Symantec appears to be adapting to the changing climate; where physical systems and endpoints once ruled the day, virtualization management tools are now appearing on the landscape.
For IT managers, the gap between Symantec's vision--if you will--and the reality of ubiquitous management is still significant, but closing.
The gap is revealed in the announcement today of Veritas Virtual Infrastructure, to be released sometime this fall. VVI will be released with support for Citrix XenServer virtualization technology from Citrix Systems, but not for VMware's ESX or Microsoft's still-to-be-released-but-out-there Hyper-V. Based on some of the virtualization workshops I attended, including "Deploying Veritas Storage Foundation in Server Virtualized Environments," it's clear that Symantec's engineers can do more with the open-source XenServer than proprietary VMware. From remarks made in the session, I get the idea that Symantec has been in fairly constant communication with VMware to close the gap and enable VVI to work more closely with VMware's ESX. It may be a more rocky trail for Symantec to traverse to get Microsoft to open up.
During his keynote at the Symantec Vision user conference, now a series of geography-based events instead of a worldwide conference, Chairman and CEO John Thompson spoke on to the topic of virtualization about 15 minutes into his remarks. Based on his comments and my attendance at just about every virtualization session on Monday and Tuesday, it's clear that Symantec is feeling the swell of the virtualization bubble.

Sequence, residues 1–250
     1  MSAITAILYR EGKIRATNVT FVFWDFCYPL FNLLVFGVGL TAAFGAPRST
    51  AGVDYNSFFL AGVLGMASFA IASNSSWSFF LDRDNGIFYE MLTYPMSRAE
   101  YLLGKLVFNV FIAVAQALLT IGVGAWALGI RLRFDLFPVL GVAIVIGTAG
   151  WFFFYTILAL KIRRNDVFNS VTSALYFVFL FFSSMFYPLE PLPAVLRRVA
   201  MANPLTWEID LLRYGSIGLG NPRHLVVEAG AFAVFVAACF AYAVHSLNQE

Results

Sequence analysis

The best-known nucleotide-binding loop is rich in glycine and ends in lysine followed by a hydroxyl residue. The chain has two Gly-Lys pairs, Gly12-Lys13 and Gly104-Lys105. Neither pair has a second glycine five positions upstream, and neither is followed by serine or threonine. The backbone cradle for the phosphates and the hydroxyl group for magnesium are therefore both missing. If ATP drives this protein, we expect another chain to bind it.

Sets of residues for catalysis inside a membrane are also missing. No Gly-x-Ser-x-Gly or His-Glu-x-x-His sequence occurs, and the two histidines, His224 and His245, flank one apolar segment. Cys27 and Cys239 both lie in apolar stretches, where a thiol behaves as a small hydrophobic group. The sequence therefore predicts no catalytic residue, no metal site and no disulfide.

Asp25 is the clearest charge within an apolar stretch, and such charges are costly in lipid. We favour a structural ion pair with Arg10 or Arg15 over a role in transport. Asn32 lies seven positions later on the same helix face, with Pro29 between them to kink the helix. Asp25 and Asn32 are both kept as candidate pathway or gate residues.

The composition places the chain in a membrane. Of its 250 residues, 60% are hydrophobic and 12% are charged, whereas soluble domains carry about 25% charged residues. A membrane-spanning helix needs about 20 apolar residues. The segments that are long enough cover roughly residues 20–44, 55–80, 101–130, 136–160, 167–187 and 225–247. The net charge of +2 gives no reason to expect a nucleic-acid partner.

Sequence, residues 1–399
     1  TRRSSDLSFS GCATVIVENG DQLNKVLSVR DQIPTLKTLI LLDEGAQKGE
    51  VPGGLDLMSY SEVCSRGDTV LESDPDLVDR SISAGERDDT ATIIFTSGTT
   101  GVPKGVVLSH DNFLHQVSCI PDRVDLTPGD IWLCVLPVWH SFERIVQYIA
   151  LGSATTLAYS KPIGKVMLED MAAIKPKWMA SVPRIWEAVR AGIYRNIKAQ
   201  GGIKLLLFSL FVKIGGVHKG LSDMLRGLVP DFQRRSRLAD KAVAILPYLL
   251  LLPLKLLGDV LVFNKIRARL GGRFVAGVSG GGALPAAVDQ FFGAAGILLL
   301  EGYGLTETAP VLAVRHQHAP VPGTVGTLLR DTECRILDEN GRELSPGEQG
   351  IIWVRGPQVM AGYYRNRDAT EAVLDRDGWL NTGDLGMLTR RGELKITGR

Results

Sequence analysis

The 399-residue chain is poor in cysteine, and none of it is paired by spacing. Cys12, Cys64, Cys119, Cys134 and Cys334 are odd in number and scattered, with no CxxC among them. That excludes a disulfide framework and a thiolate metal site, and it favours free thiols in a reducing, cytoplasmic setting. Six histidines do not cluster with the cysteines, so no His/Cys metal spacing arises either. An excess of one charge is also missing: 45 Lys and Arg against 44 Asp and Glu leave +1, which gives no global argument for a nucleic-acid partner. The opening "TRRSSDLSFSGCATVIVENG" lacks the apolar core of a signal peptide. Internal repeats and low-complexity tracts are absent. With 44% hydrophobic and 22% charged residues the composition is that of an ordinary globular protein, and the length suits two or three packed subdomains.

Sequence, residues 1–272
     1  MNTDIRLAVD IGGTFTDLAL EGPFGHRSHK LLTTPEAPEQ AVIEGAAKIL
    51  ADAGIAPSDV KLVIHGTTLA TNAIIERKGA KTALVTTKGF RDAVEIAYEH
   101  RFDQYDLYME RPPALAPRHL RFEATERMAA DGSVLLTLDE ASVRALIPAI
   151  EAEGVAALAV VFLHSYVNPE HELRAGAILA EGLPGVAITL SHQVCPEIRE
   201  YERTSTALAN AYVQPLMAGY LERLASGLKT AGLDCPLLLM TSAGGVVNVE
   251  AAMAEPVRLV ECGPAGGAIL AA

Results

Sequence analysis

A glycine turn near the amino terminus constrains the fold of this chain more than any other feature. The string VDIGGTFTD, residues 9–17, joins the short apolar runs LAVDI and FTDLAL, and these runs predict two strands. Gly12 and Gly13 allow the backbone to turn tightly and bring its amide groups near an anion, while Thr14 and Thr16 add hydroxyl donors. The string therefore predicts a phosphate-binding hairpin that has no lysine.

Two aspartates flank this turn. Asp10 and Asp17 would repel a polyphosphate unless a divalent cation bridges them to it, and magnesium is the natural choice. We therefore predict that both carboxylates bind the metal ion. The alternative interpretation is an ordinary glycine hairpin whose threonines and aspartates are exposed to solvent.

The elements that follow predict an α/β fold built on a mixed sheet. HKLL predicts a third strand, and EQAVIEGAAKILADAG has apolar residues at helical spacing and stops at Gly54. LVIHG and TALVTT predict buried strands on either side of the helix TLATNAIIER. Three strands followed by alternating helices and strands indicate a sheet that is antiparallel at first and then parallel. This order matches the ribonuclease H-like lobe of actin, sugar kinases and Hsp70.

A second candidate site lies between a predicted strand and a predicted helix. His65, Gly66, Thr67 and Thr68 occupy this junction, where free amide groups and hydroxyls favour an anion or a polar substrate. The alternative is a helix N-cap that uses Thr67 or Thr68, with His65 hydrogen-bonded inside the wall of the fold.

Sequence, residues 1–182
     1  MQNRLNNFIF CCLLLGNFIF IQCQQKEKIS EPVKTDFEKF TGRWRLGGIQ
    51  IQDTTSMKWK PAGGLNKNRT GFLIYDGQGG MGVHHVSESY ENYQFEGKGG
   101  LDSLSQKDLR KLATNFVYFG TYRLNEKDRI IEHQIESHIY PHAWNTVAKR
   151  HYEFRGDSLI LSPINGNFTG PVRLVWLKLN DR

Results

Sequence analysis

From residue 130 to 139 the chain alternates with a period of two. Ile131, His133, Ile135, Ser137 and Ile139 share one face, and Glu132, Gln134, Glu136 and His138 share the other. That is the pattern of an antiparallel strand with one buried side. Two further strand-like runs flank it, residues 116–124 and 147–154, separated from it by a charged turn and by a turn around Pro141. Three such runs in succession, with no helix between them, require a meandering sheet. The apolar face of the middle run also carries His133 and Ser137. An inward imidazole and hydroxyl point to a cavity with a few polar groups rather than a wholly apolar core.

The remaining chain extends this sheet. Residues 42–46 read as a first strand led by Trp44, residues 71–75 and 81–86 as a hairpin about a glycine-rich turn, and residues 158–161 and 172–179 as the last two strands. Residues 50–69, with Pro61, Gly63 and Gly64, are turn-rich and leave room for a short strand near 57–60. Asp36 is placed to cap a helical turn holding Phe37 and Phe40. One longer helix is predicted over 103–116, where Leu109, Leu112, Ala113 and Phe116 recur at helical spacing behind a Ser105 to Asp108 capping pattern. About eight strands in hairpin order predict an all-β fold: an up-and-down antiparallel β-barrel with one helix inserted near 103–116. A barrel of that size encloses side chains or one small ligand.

It's interesting to watch the company that makes the products that likely manage your storage environment (through Veritas), your anti-virus or your desktop management tools (through Altiris) start to make the move from a focus solely on physical systems to one where virtual machines in the data center and virtual applications on the endpoint (through Altiris SVS) make this adjustment.
Thompson said that from his days nearly 30 years ago when he sold IBM mainframes to today, data center servers have gone from being highly efficient (IBM mainframes) with very slow application development cycles to the reverse today, where x86 servers often run around 20 percent utilization but with very fast application development. We could argue that he's actually being too generous about today's utilization rates, but his basic premise stands. The premise isn't new, and Thompson's follow-up statements -- that virtualization is moving from test environments to production -- aren't new either. What is new is that Symantec is moving to bring its management tools to the virtualization table.
The key for IT managers now is to take a strategic look at what tools are going to be used to make the physical to virtual transition work for sustained productivity gains. The real cost-savings and ephemeral charms of virtualization have nearly reached the tipping point where the competitive advantage of fully utilized hardware is going to drop off as virtualization becomes the norm.
The next step for IT managers who decide to keep IT in-house will be to ensure that the virtualized environment is managed to within an inch of its life.